New York: Just when everyone thought Amazon.com Inc. was steering into a lush forest of profits, it veered back to its desert of barren earnings. It has been smart to let Amazon drive wherever it wants to go, so investors should stop expecting the profit bounty.
After about nine months of tidy profits -- by Amazon’s low standards -- here is the best illustration that the company is back in its familiar mode of investment spending over profits: The Amazon Web Services cloud segment generated more operating income than the entire company: $861 million compared with $575 million for Amazon as a whole. (Amazon’s international operations posted negative operating income, which dragged down the total.)
Amazon posted net income of $252 million, triple the figure from the third quarter of 2015 but still a significant letdown.
Amazon also forecast its usual comically broad forecast for fourth-quarter operating income that was less than the high hopes on Wall Street. Its shares fell about 5 percent in after-hours trading in response.
But why is anyone surprised Amazon is again not very profitable? It said this was coming.
On its quarterly earnings call in July, executives said Amazon was opening 18 inventory warehouses in the third quarter compared with six in the same period of 2015. The company wanted to make sure it could handle a crush of holiday orders after experiencing some hiccups last year that drove up costs.
Amazon also said that its spending on web video programming was set to nearly double in the second half of this year compared with the last six months of 2015. And the company has said it is plowing money into e-commerce in India.
All of that spending meant its operating income as a share of revenue took a step backward from last quarter’s 4.2% to 1.8% in the third quarter. In fairness, Amazon’s third quarter tends to feature skimpy operating profits and margins as Amazon adds inventory and otherwise preps for the holiday season. The 1.8% operating margin reported Thursday was Amazon’s best margin in any third quarter since 2010.
The quarterly report and Amazon’s holiday forecast should make investors rethink their expectations for the company. Yes, through the first nine months of 2016, Amazon already has more operating income than it has in any year in its history. Its operating income margin should be the company’s highest since 2010 if it stays on the trajectory of the first nine months of the year.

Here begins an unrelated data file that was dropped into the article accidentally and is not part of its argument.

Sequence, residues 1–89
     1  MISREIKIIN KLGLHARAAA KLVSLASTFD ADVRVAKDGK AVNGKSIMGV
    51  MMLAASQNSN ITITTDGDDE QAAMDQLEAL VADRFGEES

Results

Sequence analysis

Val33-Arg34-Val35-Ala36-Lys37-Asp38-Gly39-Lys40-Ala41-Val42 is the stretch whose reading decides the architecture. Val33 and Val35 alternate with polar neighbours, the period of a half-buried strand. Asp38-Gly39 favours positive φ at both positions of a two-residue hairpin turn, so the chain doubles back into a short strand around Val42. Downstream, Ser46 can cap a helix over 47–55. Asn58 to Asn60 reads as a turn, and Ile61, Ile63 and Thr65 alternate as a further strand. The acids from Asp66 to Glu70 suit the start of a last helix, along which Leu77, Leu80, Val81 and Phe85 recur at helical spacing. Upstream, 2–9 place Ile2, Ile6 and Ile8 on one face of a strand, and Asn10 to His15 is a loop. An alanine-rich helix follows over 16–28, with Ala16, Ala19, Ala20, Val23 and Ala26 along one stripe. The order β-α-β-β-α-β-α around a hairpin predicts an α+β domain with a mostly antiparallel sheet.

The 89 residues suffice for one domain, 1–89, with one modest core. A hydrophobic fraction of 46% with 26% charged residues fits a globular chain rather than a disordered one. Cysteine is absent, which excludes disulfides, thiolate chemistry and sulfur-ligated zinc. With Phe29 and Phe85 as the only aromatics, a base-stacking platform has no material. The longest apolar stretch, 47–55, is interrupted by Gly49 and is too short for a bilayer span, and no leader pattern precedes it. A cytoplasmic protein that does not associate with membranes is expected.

But it is reasonable to expect -- as the average of Wall Street analysts do -- that Amazon’s operating income will nearly double next year? And then nearly double again in 2018? Probably not.
That said, Amazon has more than justified its strategy of plowing nearly every dollar of profit into new endeavors. The company has become the fourth-largest company in the world by stock market value because it is branching into every conceivable corner of business and is absorbing a bigger share of consumers’ and businesses’ spending.
Amazon generates about one-quarter of all US e-commerce retail sales, and it is gobbling share from brick and mortar, too. AWS has changed the complexion of the company and the tech industry. Storing, packaging and shipping goods for other merchants has become a huge business for Amazon and perhaps serves as a model for their ambitions to become a mega-delivery company like UPS. All were initiatives that required heavy investments and have paid off.
Its skimpy profits in retail are all the more reason for Amazon to have invested in the high-margin AWS business. The operating margin actually rose in the cloud business from previous quarters in a sign that perhaps competition from Microsoft and Google isn’t hurting much, if at all.
Revenue growth and expansion at the expense of current profits have always been central to the Amazon story. Investors simply started to tune out that message, and it is time to listen. Bloomberg